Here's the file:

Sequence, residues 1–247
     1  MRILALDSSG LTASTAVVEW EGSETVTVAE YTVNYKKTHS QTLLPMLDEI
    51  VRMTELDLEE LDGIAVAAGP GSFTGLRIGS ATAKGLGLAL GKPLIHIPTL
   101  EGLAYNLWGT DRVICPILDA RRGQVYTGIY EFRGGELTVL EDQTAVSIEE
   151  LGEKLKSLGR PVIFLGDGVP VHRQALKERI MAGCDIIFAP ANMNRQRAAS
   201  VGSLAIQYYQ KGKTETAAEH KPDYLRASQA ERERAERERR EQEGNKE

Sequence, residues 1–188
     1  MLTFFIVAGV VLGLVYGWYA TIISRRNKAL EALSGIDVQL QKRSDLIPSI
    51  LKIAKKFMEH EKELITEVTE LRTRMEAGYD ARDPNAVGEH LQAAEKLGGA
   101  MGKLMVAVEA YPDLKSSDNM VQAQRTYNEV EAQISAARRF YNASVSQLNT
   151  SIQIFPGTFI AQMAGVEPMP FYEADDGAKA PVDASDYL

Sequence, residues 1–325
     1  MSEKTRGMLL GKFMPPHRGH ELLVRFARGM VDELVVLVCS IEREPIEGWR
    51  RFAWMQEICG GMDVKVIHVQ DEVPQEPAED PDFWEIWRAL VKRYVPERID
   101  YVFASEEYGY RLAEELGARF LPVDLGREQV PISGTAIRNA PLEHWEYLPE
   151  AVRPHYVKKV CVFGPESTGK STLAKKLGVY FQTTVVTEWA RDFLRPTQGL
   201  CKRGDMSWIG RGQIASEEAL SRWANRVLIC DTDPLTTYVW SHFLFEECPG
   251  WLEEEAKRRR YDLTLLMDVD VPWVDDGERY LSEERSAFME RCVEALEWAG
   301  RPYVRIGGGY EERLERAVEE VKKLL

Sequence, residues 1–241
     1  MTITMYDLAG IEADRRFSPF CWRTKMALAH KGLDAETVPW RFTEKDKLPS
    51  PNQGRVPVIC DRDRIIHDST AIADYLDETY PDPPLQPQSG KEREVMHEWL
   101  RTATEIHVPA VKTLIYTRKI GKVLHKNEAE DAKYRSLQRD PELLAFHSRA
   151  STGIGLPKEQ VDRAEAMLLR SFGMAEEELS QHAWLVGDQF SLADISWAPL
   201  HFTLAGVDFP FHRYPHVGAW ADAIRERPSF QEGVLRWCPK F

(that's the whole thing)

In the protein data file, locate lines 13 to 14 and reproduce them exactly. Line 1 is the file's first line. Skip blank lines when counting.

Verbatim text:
     1  MSEKTRGMLL GKFMPPHRGH ELLVRFARGM VDELVVLVCS IEREPIEGWR
    51  RFAWMQEICG GMDVKVIHVQ DEVPQEPAED PDFWEIWRAL VKRYVPERID